Most patients don’t have a transplant center located in their hometown, so many have to travel hours to get their lifesaving treatment and surgery. Traveling for medical reasons can be expensive since it often happens last minute. Appointments and surgery can result in many days away from home and hotels for extended stays can become expensive. Transplant centers understand these burdens on patients and do what they can to help lessen the inconveniences by offering bundled appointments and schedules that work with patients’ personal calendars.
One way for patients to save money and protect their immune systems is by choosing to stay at a transplant house. Some transplant centers partner with hospitality houses in their area to provide clean and affordable lodging to transplant patients and their caregivers. At Mayo Clinic, each transplant center in Arizona, Florida and Minnesota partners with a transplant house close to the hospital.
Some may ask, what are some benefits of a transplant house over other overnight accommodations? We have some great information for you about the transplant houses located near the three Mayo Clinic Transplant Centers.
Transplant houses know about transplant patients’ suppressed immune systems. They clean and sanitize the rooms and kitchens very well so the guests don’t catch bugs or germs during their transplant stay. This is important pre-transplant so patients don’t miss the opportunity to get their life saving organ, and it’s important post-transplant due to their immunosuppressive drugs. While the houses do allow guests to have a caregiver stay with them, children and pets are not allowed to stay. This keeps the houses free from those extra germs that are sometimes carried by kids and our furry friends.
FELLOWSHIP AND FRIENDSHIP
People tell us one of their favorite things about staying in the transplant houses is being able to meet the other patients. Everyone there is going through a similar situation, and it’s so helpful for transplant recipients to be able to meet and talk with those who have the same triumphs and struggles as they do. Often the guests at the house leave with lifelong friends that they didn’t expect. The houses have many commons areas for people to sit together, play games, watch television and visit in a group setting. The shared kitchens also give people the opportunity to eat together if they wish, which can save in meal expenses and help pass the time if you have a long wait at the house.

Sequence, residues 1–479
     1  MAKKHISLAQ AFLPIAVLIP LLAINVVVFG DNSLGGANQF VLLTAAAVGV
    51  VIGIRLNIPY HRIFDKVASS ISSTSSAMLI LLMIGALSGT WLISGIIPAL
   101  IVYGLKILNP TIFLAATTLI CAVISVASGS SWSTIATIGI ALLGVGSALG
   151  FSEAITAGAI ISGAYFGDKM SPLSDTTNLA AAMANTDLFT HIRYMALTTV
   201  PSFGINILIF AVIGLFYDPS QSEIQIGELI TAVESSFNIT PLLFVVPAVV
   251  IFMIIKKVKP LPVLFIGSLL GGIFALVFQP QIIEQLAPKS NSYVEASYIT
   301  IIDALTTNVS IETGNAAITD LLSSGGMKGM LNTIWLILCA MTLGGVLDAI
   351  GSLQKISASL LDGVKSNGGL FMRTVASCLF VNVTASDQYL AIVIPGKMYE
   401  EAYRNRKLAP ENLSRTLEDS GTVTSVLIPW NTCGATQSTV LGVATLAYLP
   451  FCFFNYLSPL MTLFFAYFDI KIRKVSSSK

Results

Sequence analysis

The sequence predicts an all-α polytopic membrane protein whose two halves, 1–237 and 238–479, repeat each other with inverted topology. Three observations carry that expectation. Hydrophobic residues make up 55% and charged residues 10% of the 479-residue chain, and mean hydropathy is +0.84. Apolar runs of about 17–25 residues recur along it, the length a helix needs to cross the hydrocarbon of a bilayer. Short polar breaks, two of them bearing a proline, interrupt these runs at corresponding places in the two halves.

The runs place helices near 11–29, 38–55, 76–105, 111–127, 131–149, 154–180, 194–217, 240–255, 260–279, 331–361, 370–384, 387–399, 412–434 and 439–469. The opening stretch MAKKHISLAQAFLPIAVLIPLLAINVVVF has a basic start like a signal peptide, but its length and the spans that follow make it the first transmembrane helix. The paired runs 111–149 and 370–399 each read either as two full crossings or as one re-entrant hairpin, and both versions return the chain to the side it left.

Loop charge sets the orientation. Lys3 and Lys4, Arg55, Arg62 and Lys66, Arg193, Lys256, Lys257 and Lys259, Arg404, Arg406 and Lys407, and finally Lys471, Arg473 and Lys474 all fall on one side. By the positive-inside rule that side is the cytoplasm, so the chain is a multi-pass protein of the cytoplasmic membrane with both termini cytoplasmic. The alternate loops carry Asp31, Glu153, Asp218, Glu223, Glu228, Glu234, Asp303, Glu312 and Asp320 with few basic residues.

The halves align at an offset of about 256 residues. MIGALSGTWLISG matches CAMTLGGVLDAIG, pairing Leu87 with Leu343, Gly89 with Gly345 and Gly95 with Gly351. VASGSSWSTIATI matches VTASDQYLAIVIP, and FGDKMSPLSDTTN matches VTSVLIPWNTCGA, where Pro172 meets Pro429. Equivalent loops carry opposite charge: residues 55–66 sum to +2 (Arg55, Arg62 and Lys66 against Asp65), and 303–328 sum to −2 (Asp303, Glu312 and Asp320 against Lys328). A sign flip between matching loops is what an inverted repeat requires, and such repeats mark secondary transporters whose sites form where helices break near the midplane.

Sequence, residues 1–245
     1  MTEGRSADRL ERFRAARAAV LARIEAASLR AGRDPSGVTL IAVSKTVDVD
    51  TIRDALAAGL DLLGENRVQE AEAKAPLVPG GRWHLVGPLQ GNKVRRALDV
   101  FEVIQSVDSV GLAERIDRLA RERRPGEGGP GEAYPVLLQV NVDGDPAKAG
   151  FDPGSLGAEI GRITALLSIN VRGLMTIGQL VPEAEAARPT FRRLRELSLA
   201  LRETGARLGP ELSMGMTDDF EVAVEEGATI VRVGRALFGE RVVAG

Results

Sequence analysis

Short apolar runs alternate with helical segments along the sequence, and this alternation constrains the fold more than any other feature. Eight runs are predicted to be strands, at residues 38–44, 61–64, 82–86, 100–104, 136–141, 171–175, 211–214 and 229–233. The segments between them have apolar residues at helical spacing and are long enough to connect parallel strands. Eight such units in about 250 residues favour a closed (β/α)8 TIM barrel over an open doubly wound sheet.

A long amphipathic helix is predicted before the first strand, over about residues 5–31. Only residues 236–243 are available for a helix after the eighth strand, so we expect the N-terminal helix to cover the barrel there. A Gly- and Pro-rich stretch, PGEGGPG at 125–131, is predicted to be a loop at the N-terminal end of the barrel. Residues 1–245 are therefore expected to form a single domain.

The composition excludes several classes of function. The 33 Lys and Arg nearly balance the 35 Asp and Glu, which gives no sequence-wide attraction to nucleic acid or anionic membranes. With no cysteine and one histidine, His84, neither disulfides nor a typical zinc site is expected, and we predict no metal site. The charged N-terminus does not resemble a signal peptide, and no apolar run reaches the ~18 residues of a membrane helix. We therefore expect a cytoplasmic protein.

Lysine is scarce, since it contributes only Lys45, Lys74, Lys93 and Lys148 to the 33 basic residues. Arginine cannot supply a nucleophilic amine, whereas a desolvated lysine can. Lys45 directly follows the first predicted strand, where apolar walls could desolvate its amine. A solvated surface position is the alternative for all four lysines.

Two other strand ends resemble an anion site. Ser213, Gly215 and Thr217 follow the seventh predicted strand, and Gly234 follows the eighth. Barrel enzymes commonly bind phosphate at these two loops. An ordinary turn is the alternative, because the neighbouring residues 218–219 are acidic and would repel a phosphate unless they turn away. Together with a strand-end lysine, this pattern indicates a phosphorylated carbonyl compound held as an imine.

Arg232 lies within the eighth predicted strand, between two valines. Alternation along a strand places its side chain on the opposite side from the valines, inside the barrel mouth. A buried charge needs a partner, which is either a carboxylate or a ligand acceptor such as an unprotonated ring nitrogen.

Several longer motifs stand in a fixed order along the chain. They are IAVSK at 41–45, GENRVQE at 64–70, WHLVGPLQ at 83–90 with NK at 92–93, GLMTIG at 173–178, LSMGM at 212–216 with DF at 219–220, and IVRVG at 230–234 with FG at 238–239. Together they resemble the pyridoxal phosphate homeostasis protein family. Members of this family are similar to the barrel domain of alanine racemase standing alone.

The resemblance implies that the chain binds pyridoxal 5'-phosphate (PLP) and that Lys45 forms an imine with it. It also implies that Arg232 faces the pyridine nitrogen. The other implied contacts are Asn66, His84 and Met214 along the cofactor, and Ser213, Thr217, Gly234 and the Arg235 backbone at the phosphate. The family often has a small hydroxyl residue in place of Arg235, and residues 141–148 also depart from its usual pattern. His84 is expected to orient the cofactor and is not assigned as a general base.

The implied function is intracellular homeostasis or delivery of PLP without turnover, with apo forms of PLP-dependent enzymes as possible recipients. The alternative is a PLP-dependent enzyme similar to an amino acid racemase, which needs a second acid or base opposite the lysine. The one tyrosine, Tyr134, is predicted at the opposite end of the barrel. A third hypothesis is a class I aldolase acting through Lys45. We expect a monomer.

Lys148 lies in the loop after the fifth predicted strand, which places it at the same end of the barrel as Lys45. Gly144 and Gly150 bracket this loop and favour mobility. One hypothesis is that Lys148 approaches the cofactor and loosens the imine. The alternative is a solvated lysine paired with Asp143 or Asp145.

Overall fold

In general, hospitality houses cost much less than hotels, sometimes more than half as much. The houses sometimes charge a one-time cleaning fee for the extra cleaning that needs to be done during your stay, but the nightly charge is a significant savings from that of a hotel or other lodging. Some houses also have scholarships for patients who may be in financial hardship. Contact the house you are considering for more information on payment.
Transplant houses are generally located very close to the hospital or clinic. During times of pleasant weather, this can provide a nice walk at the end of the day for patients. Some will also have a shuttle service to and from the hospital for those who prefer to travel by car. This saves on parking and transportation costs while you are in town attending your appointments or waiting for your surgery.
PEACE AND QUIET
At a transplant house, everyone understands the need for peace and quiet for patients. People staying there with you are in a similar situation as you – tired from appointments, fatigued from their disease, and thankful for a quiet evening. The house provides you with your own room and bathroom where you can retire in peace to read or rest. Because the house doesn’t allow children to stay, you won’t be awakened at all hours of the day and night by happy screams and laughter. The houses also have outdoor spaces with comfortable seating where you can relax and watch the wildlife and sit in the shade.
The transplant houses have special rules for guests regarding cleaning, noise, cooking, and visitors. Each house will provide you with these rules over the phone or during a pre-stay tour of the house. These rules may seem a bit strict, especially regarding guests, but they are in place to protect you and your transplanted organ. Some of these rules help regulate visitors to the house, keeping the common areas and kitchens clean, and respecting your fellow guests' situations. Understanding the policies of the house is an important part of keeping the patients safe and healthy.
The transplant houses, especially those associated with Mayo Clinic, provide patients a warm and welcoming place to stay while you are undergoing testing pre-transplant, coming back for your annual evaluations, or staying in town after your surgery. The houses understand transplant patients and their struggles and triumphs and are willing to help whenever necessary. The houses are a cost-effective, convenient and clean place to consider for lodging during your transplant journey.
You can find out more information about the transplant houses that partner with Mayo Clinic using the link below.